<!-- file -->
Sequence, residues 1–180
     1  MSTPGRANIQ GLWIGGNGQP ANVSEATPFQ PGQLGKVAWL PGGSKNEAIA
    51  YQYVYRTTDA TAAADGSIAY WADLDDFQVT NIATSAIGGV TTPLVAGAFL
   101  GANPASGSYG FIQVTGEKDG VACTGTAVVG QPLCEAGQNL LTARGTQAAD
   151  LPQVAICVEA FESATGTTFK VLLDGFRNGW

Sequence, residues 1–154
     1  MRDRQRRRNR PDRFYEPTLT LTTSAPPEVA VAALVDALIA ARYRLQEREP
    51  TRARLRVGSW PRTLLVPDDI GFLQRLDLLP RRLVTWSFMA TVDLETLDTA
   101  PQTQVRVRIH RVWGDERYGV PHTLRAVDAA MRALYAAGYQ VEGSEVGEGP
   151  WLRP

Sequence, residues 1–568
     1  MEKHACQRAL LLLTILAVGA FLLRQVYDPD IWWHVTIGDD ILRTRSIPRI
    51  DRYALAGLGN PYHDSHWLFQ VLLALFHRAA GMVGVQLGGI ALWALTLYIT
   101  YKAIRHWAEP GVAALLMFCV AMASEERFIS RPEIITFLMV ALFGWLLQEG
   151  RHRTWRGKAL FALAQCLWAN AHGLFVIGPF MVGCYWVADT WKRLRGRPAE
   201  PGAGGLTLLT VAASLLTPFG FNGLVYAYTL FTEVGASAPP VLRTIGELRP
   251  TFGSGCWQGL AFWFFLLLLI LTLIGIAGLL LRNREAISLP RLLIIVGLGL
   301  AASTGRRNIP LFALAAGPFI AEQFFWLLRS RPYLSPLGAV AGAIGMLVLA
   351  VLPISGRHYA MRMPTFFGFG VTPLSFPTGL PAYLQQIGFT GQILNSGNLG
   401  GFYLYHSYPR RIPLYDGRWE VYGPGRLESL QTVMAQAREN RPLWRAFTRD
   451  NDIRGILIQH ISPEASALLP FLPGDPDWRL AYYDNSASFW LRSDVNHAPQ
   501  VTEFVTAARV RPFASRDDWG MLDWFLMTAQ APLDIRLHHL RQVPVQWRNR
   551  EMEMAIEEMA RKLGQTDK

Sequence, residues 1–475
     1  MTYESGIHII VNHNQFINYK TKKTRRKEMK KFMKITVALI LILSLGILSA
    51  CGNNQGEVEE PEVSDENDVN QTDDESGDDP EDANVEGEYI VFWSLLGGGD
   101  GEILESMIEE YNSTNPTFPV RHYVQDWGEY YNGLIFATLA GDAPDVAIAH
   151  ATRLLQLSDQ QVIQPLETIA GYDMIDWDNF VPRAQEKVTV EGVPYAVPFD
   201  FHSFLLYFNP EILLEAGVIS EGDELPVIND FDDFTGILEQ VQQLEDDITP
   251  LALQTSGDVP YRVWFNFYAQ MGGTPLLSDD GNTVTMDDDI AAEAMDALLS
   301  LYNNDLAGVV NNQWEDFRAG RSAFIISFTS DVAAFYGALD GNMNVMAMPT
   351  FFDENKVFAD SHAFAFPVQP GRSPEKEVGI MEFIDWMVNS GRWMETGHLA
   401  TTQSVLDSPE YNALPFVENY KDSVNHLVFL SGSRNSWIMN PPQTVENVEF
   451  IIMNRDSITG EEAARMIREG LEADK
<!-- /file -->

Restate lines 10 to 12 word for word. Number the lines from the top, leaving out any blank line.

   151  WLRP

Sequence, residues 1–568
     1  MEKHACQRAL LLLTILAVGA FLLRQVYDPD IWWHVTIGDD ILRTRSIPRI